On Monday, June 17, I found myself at the celebration parade for the Toronto Raptors basketball team, in downtown Toronto. It was a once in a lifetime opportunity and I thoroughly enjoyed being part of that 2 million strong crowd.
I was heading home to Halifax from a weekend with my daughter and son-in-law and grandkids who live in Toronto. I knew the parade was happening and that the Toronto City Airport was on the parade route. But the taxi dispatcher assured me that an 11 am pick up at the house was plenty of time to get me to the airport for 12 noon (normally a 20 min drive) and that the parade was scheduled to be long past that intersection by that time.
Best laid plans!
As my taxi got close to that intersection on Lakeshore Drive, it was evident I was at the end of my taxi ride. Thousands of people stood cheering a long line of parade floats and marching bands. I paid the driver and walked, hauling my bag, to the throngs of people, figuring I could maybe just cross the street and walk the couple of blocks to the airport.
Not gonna happen!
No one was being let through the parade route to the other side of the street. And so, I just put my bag down and joined in the fun. Did I get angry? Nope. Was I frustrated? Not at all. Was I having a good time? You bet.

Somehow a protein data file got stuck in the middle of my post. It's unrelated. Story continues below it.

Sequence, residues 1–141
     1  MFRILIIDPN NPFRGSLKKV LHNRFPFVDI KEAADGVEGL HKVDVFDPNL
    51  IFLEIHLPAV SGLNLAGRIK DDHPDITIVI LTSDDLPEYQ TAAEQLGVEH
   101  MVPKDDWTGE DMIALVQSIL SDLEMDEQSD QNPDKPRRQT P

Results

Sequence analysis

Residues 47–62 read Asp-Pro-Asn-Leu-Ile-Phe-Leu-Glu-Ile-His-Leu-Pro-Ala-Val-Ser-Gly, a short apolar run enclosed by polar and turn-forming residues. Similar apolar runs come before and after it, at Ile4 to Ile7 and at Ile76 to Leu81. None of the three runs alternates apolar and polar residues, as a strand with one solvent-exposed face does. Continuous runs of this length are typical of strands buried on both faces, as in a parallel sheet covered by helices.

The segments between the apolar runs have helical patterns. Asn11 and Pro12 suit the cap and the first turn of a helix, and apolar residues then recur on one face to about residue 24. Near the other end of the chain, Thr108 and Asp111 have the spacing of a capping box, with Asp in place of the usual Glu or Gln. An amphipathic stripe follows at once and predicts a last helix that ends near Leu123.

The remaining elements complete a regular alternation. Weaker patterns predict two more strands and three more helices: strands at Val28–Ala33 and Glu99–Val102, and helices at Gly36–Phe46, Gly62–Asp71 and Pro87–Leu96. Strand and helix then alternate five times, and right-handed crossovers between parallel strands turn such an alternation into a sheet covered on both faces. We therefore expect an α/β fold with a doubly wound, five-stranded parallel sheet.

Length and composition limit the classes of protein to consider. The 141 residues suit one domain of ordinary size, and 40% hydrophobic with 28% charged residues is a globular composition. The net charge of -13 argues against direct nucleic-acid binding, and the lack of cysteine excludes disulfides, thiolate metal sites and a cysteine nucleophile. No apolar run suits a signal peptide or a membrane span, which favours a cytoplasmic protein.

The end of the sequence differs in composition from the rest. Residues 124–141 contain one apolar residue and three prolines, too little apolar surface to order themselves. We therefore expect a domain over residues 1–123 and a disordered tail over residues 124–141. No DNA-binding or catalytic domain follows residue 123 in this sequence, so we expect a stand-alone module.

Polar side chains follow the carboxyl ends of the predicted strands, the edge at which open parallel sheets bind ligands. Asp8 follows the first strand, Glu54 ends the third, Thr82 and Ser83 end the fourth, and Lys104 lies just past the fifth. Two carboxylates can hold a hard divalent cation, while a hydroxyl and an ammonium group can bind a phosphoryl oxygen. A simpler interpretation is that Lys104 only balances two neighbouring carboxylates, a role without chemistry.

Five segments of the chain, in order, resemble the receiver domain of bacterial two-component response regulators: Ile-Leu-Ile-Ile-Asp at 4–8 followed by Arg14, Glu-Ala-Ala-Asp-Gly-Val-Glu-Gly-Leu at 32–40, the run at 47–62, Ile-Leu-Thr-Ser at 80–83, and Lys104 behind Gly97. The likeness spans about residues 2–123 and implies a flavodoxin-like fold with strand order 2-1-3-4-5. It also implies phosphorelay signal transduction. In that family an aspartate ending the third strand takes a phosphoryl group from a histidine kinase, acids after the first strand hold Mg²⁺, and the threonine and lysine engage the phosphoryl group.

A few minutes later, a woman clearly on route to the airport showed up near me and started asking questions. When we explained to her that crossing the street at that moment was not possible, she got angry. She yelled. She vented. She, to put it bluntly, had a pissy attitude.
Then a few minutes after that, a man with a suitcase walked over to me and asked if there was a way to cross. I said no, not right now, maybe a bit later. He had to catch a flight to Montreal and then to Zurich, but he was so “in the moment” about it all, and so pleasant about the fact he might miss his connecting flight but was so glad to witness the parade…
About 45 minutes later, I noticed a lull in the parade floats passing by. I said to one of the Porter Airline staff who I was standing next to “what do you think? Should I try and cross?” to which she said “yes, go for it- but go fast”. I just barely had time to signal to the man- “follow me”. I did look around to see if I could find the angry woman with the suitcase, but in all honesty- I didn’t look that hard.
Sure enough the two of us made the crossing, dragging our bags behind, just in time before the next float appeared. And we both made our flights.
So remember… we always get to choose our own attitude.